However, the greater significance of the case is its confirmation that the U.S. chain of command, presumably up to President Bush, has approved standing orders that allow the U.S. military to assassinate suspected militants on sight.
In effect, these orders have reestablished what was known during the Vietnam War as Operation Phoenix, a program that assassinated Vietcong cadre, including suspected communist political allies.
Through a Pentagon training program known as "Project X," the lessons of Operation Phoenix from the 1960s were passed on to Third World armies in Latin America and elsewhere, allegedly giving a green light to some of the "dirty wars" that swept the region in the following decades. [For details, see Neck Deep: The Disastrous Presidency of George W. Bush.]
Besides the periodic controversies over U.S. military killings of unarmed Iraqis and Afghanis, the Bush administration also is facing a challenge from the Iraqi government of Prime Minister Nouri al-Maliki over the U.S. Embassy’s reliance on Blackwater security contractors despite their reputation as crude and murderous bullies.
On Sept. 16, Blackwater gunmen accompanying a U.S. diplomatic convoy apparently sensed an ambush and opened fire, spraying a busy Baghdad square with bullets. Eyewitness accounts, including from an Iraqi police officer, indicated that the Blackwater team apparently overreacted to a car moving into the square and killed at least 11 people.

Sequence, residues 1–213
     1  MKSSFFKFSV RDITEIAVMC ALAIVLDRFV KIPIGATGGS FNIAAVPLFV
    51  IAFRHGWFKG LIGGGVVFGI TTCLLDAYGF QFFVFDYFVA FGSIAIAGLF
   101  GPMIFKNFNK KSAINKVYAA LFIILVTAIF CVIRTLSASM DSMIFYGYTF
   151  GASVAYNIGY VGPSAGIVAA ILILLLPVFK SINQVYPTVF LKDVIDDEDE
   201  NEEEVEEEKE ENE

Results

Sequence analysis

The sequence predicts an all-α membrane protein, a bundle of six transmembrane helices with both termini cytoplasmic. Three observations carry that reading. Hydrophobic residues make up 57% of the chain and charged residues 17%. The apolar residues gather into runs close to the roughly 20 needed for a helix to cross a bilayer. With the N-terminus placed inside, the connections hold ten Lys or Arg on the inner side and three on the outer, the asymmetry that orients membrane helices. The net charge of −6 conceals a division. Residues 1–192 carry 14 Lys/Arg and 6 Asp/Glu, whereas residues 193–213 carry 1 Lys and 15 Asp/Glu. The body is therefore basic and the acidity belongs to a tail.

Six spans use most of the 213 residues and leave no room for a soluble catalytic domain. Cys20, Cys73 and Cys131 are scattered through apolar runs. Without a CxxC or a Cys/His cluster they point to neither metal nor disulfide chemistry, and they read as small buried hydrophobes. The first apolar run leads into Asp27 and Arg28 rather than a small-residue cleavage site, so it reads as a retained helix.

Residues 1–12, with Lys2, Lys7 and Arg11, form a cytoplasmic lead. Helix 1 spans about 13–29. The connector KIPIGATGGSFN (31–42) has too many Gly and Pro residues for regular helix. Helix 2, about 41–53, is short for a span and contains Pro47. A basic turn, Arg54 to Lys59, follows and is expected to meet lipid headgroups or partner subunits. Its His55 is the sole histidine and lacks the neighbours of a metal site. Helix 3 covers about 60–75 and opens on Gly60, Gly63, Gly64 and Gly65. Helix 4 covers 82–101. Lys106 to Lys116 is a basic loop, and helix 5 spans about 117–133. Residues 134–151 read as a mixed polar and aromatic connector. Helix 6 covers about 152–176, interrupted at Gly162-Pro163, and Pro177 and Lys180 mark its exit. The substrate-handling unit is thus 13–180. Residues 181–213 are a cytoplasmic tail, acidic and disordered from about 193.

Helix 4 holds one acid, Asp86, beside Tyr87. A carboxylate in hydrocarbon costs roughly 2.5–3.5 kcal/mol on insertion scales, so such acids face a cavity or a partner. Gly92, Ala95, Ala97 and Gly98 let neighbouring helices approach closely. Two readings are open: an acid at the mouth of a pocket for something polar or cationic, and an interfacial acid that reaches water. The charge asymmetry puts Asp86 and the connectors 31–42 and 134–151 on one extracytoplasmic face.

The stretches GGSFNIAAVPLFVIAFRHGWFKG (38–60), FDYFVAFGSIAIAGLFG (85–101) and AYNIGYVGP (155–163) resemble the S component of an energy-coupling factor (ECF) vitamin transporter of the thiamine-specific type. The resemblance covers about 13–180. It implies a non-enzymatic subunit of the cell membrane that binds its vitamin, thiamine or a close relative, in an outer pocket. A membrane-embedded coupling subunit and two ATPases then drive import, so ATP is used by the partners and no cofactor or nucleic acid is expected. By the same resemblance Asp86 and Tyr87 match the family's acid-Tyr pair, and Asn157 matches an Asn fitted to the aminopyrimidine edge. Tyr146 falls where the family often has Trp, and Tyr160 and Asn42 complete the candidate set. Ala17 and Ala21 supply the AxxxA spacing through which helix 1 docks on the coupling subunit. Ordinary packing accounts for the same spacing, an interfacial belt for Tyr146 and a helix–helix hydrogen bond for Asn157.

"Blackwater has no respect for the Iraqi people," an Iraqi Interior Ministry official told the Washington Post. "They consider Iraqis like animals, although actually I think they may have more respect for animals. We have seen what they do in the streets. When they’re not shooting, they’re throwing water bottles at people and calling them names. If you are terrifying a child or an elderly woman, or you are killing an innocent civilian who is riding in his car, isn’t that terrorism?" [Washington Post, Sept. 20, 2007]
The highhandedness of the Blackwater mercenaries on the streets of Baghdad or the contempt for traditional rules of war in the hills of Afghanistan also resonate back to the marble chambers and well-appointed salons of Washington, where swaggering tough-guyism reigns from the Oval Office to the TV talk shows to Georgetown dinner parties.